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Take the famous physicist Brian Greene, or the astrophysicist Neil DeGrasse Tyson. Brian is Jewish, and Neil is plenty happy talking about how the connectedness of the Universe is almost spiritual, but he claims his actual religious belief is agnostic.
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Old 16th April 2019, 10:39 AM   #28
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Garcon1986,

My upbringing is very similar to yours (RC school, etc.), but I only became an astrophysics geek in my 40s. .

I've never actually heard people using biblical/spiritual lessons to support a scientific explanation for anything, but of course it's possible that they would. On the other hand,
it is my own sense that there must be a scientific basis for the things that are recorded that Jesus did...which are also recorded in the letters of Herod and Pilate, who were not followers of Jesus.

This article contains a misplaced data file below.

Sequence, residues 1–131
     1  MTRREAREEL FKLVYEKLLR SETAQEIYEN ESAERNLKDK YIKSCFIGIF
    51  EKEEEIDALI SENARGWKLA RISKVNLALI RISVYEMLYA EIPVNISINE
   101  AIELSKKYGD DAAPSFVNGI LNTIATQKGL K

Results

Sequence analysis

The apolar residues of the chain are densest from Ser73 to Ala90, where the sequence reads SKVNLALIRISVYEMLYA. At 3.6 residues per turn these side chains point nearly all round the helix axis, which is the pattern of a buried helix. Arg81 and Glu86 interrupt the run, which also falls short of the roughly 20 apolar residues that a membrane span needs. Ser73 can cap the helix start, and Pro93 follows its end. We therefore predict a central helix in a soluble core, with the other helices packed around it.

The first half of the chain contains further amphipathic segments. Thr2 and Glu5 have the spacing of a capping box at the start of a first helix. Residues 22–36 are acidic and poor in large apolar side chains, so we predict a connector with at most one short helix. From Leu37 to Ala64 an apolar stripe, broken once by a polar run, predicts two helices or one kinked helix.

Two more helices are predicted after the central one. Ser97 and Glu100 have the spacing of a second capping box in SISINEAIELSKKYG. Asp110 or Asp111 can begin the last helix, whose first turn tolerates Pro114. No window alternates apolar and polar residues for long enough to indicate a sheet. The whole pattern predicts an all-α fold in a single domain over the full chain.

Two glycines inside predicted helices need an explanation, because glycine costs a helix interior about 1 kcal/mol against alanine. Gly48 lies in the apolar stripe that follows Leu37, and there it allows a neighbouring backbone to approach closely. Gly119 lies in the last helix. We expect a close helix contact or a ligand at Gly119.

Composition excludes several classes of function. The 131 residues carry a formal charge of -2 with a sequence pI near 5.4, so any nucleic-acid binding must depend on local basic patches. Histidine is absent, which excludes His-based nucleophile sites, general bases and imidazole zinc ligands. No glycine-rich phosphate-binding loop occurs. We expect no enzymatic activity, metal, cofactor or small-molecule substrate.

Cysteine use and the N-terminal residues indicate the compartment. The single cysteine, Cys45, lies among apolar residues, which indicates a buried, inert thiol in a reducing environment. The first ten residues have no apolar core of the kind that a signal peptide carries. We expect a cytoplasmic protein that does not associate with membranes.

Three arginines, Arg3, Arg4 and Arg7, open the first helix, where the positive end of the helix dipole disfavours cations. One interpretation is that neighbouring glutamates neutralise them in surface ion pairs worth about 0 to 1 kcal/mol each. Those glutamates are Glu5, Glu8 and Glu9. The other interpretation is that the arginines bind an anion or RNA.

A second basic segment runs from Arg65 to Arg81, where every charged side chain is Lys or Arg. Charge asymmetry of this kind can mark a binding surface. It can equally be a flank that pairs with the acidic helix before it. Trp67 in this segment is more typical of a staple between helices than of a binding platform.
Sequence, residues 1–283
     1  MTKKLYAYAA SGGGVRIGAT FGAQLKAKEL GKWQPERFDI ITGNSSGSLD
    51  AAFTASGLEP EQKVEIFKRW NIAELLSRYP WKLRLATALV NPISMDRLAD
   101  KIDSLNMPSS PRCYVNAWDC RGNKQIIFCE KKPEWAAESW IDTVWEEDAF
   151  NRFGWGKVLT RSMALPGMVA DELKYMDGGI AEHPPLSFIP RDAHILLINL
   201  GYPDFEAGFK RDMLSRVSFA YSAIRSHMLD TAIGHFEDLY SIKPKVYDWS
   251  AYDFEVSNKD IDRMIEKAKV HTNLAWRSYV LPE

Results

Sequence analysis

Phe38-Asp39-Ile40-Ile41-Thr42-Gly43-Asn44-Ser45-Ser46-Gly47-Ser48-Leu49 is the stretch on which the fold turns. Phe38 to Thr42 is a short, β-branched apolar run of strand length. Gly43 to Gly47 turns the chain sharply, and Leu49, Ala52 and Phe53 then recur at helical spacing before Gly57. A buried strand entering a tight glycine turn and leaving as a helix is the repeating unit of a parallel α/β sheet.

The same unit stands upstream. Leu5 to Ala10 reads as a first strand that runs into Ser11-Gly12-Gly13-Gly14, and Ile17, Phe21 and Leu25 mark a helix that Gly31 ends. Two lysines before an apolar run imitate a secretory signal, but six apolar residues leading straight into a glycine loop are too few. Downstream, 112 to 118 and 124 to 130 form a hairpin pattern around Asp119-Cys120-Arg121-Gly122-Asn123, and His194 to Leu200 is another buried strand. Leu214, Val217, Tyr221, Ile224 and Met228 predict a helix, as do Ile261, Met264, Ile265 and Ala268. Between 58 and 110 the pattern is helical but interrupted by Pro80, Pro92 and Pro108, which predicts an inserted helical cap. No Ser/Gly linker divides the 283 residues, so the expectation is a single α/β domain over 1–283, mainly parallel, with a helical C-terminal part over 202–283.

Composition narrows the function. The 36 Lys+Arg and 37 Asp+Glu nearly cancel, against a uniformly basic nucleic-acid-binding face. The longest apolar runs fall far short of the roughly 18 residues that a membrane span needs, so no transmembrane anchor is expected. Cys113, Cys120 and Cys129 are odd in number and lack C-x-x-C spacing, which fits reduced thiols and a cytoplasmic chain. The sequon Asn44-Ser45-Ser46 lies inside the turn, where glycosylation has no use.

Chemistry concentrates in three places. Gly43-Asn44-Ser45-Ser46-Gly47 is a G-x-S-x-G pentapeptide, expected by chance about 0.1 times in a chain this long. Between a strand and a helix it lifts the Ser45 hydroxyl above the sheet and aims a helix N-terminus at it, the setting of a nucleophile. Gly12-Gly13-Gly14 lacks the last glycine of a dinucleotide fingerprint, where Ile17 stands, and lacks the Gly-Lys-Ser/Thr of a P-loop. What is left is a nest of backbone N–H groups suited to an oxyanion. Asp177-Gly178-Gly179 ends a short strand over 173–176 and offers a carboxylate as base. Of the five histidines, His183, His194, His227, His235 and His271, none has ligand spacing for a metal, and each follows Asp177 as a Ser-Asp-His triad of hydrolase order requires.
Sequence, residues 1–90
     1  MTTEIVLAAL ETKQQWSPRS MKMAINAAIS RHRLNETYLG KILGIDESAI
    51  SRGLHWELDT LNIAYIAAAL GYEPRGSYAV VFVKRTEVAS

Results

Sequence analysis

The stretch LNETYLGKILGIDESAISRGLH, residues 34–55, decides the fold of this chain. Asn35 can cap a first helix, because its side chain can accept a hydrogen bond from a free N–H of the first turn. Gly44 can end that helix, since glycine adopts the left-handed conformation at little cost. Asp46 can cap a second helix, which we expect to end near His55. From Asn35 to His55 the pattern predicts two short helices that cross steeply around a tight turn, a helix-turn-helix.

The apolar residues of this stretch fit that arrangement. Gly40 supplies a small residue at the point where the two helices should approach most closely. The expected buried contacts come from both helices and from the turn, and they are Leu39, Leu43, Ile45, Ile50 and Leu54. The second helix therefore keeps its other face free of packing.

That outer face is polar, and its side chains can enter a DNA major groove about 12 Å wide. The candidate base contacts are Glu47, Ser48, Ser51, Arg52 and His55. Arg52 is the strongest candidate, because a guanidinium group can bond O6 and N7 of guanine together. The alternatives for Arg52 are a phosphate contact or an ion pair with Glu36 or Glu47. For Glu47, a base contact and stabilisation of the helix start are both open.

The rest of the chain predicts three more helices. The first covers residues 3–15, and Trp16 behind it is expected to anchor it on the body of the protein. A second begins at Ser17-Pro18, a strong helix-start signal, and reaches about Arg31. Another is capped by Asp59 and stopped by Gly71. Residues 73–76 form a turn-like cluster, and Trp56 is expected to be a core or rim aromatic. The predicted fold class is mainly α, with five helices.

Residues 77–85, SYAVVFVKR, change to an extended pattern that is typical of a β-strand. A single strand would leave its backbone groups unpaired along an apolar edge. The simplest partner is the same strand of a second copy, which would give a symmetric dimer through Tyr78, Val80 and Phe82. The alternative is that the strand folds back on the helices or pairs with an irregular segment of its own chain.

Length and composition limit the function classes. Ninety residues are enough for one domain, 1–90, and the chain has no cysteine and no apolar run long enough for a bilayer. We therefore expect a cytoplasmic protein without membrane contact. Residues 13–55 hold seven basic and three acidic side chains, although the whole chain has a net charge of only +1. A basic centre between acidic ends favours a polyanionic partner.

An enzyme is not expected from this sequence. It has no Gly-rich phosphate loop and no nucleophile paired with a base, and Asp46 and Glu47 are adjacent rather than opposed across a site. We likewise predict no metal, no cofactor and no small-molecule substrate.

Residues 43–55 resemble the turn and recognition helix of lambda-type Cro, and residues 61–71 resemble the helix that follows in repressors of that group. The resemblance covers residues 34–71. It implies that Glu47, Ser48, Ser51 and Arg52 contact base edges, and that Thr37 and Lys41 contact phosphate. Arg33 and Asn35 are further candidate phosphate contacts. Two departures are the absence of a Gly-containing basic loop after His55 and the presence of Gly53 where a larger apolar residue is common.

(If interested, the letters can be found at the back of the manuscript 'The Lost Books of the Bible'...if not interested, please just ignore the link.)

I do agree with you that God and science can coexist in the same mind...and scientists do, as well...otherwise they would not have called it 'the God Particle'. .
For me, when they do finally unravel the origin and nature of that Particle, we might just have to come to see God as the Ultimate Supreme Scientist.

In the meantime, I do very much appreciate and also go by your philosophy to just 'live and let live', without trying to force any ideas or approach onto other people.